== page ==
Homosexuality is no different in that it provides an opportunity to show God that one’s baser inclinations do not supersede one’s desire to abide His commandments. Of course, there is shame in the knowledge that one is in violation of God’s law. But this shame presents an opportunity either to turn toward Christ’s love and the power of his atoning sacrifice or to turn from it.
Mr. Gale makes the assertion that such positions and doctrinal teachings against homosexuality can change as attitudes towards polygamy and the bestowal of the priesthood to Americans of African descent changed. He further asserts that there is no doctrinal foundation for a stance against the practice of homosexual unions. The doctrinal gymnastics that would have to be performed to legitimize homosexual relationships within the church are something that would truly be something to behold. Love and sexual relationships are not exclusionary; however, sexual relationships and obedience to God’s Law are certainly exclusionary at points.
Prejudice is not a teaching of the LDS faith, but is a human reaction to that which they view as different or a threat to their current world view. Hate and scorn have never been acceptable in the eyes of Christianity. Christ’s paramount commandment was to ‘Love one another as I have loved you.’ As we are all sinners, we all need to exemplify the Christ-like attributes of forgiveness, compassion, and understanding. But forgiveness has never been condolence. The ultimate point is to overcome sin through the redemptive sacrifice of Jesus Christ.
The Neglect of Education
There are times when people say things about the LDS faith that make me wonder if they have ever been to a church meeting or watched any of the semiannual conferences that the church puts on each year. The problem here is that Mr. Gale cites only an anecdotal observance of a decline in the number of talks given on education and says that elected officials seem to fear education. While education can indeed create a wedge in one’s faith, it very often has the impact of being a support of that faith.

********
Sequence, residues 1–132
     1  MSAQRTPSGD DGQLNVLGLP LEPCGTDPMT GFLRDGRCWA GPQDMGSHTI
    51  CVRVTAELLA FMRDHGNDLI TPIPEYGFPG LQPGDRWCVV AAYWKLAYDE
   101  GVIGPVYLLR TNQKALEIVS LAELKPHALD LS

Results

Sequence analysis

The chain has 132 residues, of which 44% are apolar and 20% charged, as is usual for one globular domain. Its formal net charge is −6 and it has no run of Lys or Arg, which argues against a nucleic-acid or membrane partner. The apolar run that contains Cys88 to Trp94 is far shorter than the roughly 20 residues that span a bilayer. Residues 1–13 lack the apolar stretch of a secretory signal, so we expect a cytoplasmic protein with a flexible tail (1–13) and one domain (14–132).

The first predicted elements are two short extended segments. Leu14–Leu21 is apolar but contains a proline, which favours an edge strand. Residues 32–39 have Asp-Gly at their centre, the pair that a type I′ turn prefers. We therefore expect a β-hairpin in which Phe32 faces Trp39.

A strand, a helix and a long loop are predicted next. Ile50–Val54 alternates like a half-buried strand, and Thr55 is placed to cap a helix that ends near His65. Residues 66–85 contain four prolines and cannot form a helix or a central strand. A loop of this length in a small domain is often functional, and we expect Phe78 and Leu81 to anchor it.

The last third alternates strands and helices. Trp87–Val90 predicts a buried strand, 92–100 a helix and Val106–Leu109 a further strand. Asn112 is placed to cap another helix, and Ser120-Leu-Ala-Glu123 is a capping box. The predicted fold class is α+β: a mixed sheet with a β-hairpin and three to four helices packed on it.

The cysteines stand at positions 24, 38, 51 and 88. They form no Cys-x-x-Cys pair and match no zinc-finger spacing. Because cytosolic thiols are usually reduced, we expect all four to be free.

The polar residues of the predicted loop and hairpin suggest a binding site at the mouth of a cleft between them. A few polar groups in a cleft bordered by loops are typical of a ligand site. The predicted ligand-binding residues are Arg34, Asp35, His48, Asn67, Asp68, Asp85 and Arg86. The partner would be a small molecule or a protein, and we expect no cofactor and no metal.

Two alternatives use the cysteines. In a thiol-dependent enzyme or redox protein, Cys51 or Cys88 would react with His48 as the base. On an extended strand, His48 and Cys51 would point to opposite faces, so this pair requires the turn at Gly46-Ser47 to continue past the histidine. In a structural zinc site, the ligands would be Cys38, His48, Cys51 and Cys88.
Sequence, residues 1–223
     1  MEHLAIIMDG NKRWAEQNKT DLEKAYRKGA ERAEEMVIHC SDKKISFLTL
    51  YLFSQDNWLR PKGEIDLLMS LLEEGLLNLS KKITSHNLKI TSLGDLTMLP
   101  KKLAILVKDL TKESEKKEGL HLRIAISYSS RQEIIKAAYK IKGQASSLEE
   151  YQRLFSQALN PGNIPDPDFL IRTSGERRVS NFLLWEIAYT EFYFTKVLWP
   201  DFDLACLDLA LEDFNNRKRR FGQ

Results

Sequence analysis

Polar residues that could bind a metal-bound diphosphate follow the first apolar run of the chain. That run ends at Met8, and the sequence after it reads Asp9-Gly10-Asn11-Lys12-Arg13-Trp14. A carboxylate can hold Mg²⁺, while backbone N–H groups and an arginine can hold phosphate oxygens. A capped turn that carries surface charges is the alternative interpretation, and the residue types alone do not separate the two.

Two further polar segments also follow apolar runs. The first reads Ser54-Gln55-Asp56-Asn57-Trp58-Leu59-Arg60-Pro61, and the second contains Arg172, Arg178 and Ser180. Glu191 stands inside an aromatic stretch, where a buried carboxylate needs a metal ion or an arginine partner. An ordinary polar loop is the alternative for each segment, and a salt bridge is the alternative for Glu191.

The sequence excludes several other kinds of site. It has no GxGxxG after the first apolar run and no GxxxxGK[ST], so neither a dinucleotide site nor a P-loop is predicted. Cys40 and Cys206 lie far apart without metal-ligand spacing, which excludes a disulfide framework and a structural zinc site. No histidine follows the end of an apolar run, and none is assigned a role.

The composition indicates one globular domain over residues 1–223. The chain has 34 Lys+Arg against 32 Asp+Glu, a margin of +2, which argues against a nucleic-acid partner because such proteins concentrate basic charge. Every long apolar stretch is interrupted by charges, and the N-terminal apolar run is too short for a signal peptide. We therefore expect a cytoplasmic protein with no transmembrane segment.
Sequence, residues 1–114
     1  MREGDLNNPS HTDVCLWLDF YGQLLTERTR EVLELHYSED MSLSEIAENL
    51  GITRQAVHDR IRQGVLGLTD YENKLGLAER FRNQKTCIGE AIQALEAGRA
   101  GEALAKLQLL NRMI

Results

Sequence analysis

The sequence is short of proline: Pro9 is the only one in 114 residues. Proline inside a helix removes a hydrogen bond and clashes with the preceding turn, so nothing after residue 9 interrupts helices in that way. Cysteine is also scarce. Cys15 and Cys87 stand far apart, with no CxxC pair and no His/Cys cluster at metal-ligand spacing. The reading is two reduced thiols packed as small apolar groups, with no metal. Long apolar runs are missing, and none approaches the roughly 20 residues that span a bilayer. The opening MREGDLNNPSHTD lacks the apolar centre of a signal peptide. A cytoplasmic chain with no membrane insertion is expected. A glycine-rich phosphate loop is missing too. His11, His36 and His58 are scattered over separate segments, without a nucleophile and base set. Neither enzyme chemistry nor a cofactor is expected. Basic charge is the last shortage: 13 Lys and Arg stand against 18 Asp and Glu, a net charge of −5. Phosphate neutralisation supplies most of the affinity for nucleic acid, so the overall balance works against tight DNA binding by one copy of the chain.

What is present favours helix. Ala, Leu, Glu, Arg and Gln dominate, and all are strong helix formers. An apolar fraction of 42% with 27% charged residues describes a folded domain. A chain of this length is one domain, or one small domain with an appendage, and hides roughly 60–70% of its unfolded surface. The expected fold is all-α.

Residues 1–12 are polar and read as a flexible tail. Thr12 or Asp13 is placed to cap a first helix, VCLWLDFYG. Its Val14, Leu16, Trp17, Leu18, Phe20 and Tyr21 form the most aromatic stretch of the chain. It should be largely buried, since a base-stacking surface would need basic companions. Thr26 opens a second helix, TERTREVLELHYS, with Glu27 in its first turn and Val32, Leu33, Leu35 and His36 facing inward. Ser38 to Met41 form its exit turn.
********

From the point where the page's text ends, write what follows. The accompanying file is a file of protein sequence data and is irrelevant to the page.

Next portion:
While our frames of reference are different, there were multiple times I can remember hearing about the importance of education. President Gordon B. Hinckley made a mark on the youth of the church in 2000 with his counsel on ‘The six B’s.’ The second of these B’s was to ‘Be Smart.’ Because I only aspire to say things as well as President Hinckley said them, I will simply let his words speak for themselves:
“You are moving into the most competitive age the world has ever known. All around you is competition. You need all the education you can get. Sacrifice a car; sacrifice anything that is needed to be sacrificed to qualify yourselves to do the work of the world. That world will in large measure pay you what it thinks you are worth, and your worth will increase as you gain education and proficiency in your chosen field.
“You belong to a church that teaches the importance of education. You have a mandate from the Lord to educate your minds and your hearts and your hands. The Lord has said, “Teach ye diligently … of things both in heaven and in the earth, and under the earth; things which have been, things which are, things which must shortly come to pass; things which are at home, things which are abroad; the wars and the perplexities of the nations, and the judgments which are on the land; and a knowledge also of countries and of kingdoms—that ye may be prepared in all things” (D&C 88:78–80).”
The counsel to be educated is one that is repeated in any number of talks. I cannot think of a single instance in which I can ever recall a church leader advising to not seek out as much education as possible. Nor can I ever remember a church meeting I attended where the proposition was made to do anything but to learn as much as possible. Continual self-improvement, a premier tenant of the LDS faith, is something that can be achieved only through awareness of one’s deficiencies. Awareness can only come through education. To say that there is any lack of an emphasis on education in the LDS faith exhibits nothing but pure lunacy.
Mr. Gale also cites a lack of support for education on the part of the tax payers. Perhaps he is unaware of the fact that the vast majority of Utah’s State Budget goes toward funding education – 50.4 % of the state budget dollars went to funding public education and 15.5% went to the funding of higher education for a total of 65.9% of the state budget going toward education. This data comes from the Statue Budget Report for the fiscal year 2012, page 14.
Individual student performance in Utah is generally higher than in the rest of the United States indicating that while Utah has one of the lowest per student spending numbers, it is making effective use of those dollars and having a high number of well-performing students according to the 2012 annual report released by the Utah State Office of Education.